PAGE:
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I am trying to generate picosecond PWM signal using the Spartan 3e board in VHDL (Xilinx ISE+ISim).

library ieee;
use ieee.std_logic_1164.all;

entity pwm is
  port(clk     : in     std_logic;
       pwm_out : buffer std_logic);
end entity;

architecture rtl of pwm is
begin
  process (clk)
    variable count      : integer range 0 to 50000;
    variable duty_cycle : integer range 0 to 50000;
    variable flag       : integer range 0 to 1;
  begin
    if (rising_edge(clk)) then
      count := count+1;
      if (count = duty_cycle) then
        pwm_out <= '1';
      end if;
      if (count = 50000) then
        pwm_out <= '0';
        count   := 0;
        if(flag = 0) then
          duty_cycle := duty_cycle+50;
        else
          duty_cycle := duty_cycle-50;
        end if;
        if(duty_cycle = 50000) then
          flag := 1;
        elsif(duty_cycle = 0) then
          flag := 0;
        end if;
      end if;
    end if;
  end process;
end rtl;

I am using the embedded 50Mhz for the global clock (C9) but the simulation showed a weird behavior; from 0ps to 1000000ps clk (clock) and pwm_out (output) seems to be HIGH always and there is nothing after 1000000ps both for clk and pwm_out in time domain under ISim.

I am trying to do is to investigate and solve this behavior and then increase the frequency of output (pwm_out). Also I would like to learn about how fast (rise/fall times and in the frequency) can I generate the pulse (physical limitations).

I would appreciate some guidance from experienced users.

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I think I found the problem, in simulation there is no clock provided from C9 thus the state of the clk is always the same. Still looking for the ways to multiply the frequency. –  y33t Jul 9 '13 at 15:20

1 Answer 1

The pwm_out output has not initial value, so it has to be assigned in the process before it gets a well defined value. But the process variables (holding process state) all have an initial value of zero, and since count is incremented first thing in the process loop, count will not equal duty_cycle (being 0) at the beginning. So pwm_out is not assigned until it equals 50000, which (with a 50 MHz clock) happens at 50000 / 50 MHz = 1 ms.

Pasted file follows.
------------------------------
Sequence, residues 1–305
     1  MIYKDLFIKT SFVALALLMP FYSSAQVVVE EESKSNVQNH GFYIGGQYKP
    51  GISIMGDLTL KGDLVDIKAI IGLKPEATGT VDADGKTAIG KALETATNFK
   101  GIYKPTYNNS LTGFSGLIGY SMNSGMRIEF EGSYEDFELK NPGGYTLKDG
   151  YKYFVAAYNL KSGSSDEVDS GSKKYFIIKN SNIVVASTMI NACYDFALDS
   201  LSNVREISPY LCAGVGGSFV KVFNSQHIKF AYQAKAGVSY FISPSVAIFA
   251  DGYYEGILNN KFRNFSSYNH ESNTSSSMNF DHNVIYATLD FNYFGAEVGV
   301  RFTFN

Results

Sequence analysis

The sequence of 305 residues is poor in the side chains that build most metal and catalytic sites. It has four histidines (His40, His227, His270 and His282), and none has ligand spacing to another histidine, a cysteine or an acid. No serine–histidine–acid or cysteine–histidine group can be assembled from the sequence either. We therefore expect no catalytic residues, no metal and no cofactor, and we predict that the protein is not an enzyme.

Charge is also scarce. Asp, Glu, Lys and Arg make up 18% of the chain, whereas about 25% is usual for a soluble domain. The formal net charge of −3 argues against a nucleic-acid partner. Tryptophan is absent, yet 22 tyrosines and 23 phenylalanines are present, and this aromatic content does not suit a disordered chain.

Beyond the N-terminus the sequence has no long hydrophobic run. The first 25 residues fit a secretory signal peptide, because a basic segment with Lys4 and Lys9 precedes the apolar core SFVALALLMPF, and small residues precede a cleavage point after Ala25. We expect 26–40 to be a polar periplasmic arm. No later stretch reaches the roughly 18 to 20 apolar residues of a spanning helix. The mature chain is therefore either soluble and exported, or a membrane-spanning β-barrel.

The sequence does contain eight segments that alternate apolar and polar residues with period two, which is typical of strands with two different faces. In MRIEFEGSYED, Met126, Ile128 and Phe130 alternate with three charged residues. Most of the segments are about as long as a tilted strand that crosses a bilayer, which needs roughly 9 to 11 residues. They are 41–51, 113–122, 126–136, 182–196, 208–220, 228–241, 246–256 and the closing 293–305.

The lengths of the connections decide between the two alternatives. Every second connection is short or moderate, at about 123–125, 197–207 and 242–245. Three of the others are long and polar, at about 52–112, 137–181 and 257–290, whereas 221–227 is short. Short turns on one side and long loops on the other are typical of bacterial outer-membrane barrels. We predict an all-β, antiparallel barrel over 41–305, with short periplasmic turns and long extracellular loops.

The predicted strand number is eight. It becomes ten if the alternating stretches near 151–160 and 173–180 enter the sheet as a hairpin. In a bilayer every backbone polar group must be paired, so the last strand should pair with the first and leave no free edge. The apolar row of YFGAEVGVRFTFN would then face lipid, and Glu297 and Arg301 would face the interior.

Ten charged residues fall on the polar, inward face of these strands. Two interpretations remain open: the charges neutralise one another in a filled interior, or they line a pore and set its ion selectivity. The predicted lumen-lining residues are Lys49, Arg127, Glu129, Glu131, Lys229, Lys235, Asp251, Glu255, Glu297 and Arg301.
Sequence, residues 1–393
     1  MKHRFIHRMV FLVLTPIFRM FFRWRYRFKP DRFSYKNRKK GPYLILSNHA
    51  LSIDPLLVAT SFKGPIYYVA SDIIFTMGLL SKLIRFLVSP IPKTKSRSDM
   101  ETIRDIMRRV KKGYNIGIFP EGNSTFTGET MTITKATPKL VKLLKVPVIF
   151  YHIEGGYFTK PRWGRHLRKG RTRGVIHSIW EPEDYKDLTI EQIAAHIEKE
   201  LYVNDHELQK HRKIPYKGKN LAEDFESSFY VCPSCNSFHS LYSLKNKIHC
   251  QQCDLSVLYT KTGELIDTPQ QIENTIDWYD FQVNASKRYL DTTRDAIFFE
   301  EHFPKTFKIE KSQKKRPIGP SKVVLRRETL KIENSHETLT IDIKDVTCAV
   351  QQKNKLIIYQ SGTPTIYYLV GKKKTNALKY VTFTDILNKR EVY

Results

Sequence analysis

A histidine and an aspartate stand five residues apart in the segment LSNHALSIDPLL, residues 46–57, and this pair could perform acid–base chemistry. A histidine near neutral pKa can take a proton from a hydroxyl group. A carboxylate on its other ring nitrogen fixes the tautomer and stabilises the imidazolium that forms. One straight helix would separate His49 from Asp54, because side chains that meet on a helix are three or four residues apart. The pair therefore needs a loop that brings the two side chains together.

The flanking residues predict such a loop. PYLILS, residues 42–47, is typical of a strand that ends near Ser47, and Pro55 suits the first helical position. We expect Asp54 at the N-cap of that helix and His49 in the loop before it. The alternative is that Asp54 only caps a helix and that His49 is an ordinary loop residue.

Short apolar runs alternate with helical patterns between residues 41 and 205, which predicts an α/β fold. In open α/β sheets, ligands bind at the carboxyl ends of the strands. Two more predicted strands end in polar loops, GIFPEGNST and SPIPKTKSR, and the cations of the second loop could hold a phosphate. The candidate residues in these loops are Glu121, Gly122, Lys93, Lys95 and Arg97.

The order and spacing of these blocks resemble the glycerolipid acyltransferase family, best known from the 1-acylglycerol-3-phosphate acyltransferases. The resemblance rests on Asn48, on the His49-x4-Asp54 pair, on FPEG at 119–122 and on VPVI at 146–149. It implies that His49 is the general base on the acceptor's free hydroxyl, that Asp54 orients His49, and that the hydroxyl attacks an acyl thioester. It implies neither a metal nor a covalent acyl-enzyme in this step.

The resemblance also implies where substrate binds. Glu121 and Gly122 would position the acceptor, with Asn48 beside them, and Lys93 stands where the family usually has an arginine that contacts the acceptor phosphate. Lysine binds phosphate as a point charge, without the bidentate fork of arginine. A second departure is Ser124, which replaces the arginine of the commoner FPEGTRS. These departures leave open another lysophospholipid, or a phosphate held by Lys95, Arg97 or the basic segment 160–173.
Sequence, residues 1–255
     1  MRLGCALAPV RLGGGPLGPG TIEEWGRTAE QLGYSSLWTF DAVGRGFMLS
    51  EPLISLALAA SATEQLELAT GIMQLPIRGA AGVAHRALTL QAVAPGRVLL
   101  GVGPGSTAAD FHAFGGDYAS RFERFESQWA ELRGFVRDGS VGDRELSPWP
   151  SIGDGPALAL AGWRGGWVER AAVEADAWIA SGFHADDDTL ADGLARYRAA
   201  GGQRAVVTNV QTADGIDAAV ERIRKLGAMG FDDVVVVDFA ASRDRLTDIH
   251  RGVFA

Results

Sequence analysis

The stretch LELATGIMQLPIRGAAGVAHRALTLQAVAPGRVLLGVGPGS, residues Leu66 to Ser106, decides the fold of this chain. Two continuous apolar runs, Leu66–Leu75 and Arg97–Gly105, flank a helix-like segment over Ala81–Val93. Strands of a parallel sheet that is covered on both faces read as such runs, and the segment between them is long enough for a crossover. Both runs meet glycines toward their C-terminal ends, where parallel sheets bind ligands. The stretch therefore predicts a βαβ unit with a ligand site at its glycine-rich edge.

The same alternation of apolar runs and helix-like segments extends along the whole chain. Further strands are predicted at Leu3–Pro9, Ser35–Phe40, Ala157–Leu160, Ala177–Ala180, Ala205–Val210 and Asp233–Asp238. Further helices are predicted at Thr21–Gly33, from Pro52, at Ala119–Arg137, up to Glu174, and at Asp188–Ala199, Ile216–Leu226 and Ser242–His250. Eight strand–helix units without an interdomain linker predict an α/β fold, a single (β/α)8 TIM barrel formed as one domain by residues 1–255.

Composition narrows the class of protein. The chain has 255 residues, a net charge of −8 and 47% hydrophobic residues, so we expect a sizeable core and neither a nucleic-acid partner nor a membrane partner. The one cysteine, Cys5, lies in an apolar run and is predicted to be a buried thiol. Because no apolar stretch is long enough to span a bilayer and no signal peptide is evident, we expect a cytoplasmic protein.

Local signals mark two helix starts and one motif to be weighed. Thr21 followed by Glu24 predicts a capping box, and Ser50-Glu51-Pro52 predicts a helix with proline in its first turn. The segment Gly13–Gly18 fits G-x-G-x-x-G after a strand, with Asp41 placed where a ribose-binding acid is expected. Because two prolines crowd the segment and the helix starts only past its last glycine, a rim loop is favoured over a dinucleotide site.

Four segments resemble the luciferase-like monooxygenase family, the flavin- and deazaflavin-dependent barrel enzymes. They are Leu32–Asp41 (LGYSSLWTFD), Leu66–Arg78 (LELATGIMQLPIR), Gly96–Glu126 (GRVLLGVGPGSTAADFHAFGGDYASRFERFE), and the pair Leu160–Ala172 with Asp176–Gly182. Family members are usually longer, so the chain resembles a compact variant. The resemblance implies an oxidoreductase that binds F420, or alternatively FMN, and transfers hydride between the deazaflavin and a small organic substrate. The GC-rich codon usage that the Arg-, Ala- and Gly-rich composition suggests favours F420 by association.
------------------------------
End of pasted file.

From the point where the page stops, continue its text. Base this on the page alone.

However, if you synthesize this and run it in the FPGA, you may experience some unexpected behavior, depending on your clock source and control. For example, if the pwm module is running from a clock that is not stable right when the FPGA is loaded, for example an internal PLL clock, then the initial clock behavior may not adhere to the timing constraints applied to the design, and any value may end up in for example the duty_cycle variable (register). But, the design is based on the assumption that the duty_cycle register has a value of (50 * n), and otherwise it won't increment and decrement as anticipated due to the equal compare (=) with 0 and 50000. So if the duty_cycle get the value 1, due to initial timing violations as a result of an initial "invalid" clock, the flag variable (state) won't operate as expected, and so on. One way to amend this is to add a reset input and apply this to the variable state until the clock is stable, or use inequality operators for comparison.

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